“For decades, the culinary union has fought for tipped workers’ rights and against unfair taxation,” Culinary Union Secretary-Treasurer Ted Pappageorge said of Trump’s proposal. “Relief is definitely needed for tip earners, but Nevada workers are smart enough to know the difference between real solutions and wild campaign promises from a convicted felon.”

If elected to office again, Trump would have a chance to oversee congressional lawmakers rewriting tax policy when much of the former president’s tax legislation expires in 2025. If the GOP can maintain its majority in the House and flip the Senate, Trump could have a better chance at seeing service tips-related legislation go through.

Gerald Friedman, a University of Massachusetts Amherst economics professor, said the real-world impact of the idea would not be large even if the policy went into effect.

“Tipped wages are already undertaxed. There’s a lot of fraud going on there because it’s one of the places where there’s a lot of cash,” he said. “People should pay taxes on their income. You could argue that waiters and waitresses are low paid and so they have a low tax rate also. But the basic principle is that regardless of your income, you should be paying taxes.”

Friedman explained that because workers earning tipped wages do not tend to earn very high incomes, they usually do not pay much in income taxes, meaning the impact both on them and on federal coffers would not be large.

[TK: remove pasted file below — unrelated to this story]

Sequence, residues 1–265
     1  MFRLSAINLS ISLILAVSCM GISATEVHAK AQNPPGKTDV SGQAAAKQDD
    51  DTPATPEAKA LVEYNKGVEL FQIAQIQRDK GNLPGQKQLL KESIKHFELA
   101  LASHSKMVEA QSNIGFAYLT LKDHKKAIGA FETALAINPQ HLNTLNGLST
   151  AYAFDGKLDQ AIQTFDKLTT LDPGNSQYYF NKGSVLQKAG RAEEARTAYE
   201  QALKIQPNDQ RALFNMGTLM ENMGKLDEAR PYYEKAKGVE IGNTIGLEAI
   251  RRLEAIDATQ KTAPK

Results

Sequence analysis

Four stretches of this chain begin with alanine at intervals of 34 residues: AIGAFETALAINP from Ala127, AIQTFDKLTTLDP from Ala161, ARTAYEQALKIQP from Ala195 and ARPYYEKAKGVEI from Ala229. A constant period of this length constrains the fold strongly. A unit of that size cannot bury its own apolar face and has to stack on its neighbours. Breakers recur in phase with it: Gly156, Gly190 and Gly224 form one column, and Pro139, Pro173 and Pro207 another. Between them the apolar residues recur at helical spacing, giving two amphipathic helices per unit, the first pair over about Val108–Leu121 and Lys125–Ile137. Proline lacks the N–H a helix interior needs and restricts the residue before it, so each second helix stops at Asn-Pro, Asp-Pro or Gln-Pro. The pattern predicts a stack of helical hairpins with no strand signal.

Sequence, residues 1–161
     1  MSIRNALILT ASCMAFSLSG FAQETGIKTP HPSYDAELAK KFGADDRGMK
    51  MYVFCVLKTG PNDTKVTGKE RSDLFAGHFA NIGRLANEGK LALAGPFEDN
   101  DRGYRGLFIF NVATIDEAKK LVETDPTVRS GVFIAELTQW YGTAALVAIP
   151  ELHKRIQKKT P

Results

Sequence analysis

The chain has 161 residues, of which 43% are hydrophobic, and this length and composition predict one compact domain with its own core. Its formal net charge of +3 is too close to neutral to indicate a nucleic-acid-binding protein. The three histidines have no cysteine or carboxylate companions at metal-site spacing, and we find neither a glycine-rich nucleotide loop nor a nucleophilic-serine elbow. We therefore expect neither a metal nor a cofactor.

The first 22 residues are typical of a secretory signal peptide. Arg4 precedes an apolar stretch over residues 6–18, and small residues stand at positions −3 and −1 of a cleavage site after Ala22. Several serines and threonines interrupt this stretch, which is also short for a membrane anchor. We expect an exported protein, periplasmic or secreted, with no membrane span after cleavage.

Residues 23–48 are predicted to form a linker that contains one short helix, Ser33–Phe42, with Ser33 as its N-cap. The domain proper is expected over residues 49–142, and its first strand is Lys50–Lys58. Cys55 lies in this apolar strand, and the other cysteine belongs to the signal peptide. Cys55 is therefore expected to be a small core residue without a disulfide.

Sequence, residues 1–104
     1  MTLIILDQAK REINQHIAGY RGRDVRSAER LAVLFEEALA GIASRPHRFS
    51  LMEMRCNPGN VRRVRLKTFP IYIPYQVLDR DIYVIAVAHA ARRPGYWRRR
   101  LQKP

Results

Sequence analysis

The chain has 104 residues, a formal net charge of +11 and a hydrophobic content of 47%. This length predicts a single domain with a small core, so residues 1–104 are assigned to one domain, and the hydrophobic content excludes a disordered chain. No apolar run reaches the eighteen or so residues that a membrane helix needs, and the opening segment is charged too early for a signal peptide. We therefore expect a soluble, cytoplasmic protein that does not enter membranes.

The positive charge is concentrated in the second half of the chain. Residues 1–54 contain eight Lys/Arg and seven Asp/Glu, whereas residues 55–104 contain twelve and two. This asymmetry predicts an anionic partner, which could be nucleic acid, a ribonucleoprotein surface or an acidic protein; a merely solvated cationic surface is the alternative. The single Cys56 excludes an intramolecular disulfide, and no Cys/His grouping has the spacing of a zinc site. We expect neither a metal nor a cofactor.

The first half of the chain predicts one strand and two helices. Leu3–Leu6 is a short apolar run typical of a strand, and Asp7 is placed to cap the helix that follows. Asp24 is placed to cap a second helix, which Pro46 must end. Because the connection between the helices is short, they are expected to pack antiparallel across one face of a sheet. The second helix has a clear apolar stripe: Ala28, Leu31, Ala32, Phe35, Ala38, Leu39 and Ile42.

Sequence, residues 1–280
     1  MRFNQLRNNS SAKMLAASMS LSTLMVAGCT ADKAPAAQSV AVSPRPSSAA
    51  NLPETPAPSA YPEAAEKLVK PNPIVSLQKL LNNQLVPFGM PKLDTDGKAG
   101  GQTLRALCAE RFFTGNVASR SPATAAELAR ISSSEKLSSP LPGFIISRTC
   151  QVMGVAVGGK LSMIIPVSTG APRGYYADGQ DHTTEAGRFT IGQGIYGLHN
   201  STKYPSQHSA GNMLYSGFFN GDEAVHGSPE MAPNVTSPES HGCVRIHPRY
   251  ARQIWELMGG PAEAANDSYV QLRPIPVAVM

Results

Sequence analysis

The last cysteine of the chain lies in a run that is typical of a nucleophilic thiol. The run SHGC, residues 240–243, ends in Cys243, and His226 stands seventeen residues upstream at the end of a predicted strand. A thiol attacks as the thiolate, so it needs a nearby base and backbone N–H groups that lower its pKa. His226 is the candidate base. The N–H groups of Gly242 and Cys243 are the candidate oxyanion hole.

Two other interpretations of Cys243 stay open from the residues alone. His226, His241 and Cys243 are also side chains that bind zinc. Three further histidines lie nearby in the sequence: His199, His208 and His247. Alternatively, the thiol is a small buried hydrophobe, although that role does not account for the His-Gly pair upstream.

That doesn’t mean it won’t make an impact on the campaign trail.

Earlier in the same Sunday rally, Trump said the Democratic Party runs on open borders and high tax rates, saying they know they “can’t get elected like that so they make up stories,” referencing a report that Trump called service members who were buried in a World War I cemetery “suckers” and that the cemetery was “filled with losers,” which Biden sometimes mentions on the campaign trail.


Trump then made his own promise to cut taxes on Nevada’s service workers.

“Those people that have jobs in restaurants, whatever the job may be, a tipping job, we’re not going after them for taxes anymore,” Trump said. “I announced that for the first time, first time I’ve brought it up, first time anyone has brought it up. I think it has never been brought up before, and I also think it’s very appropriate.”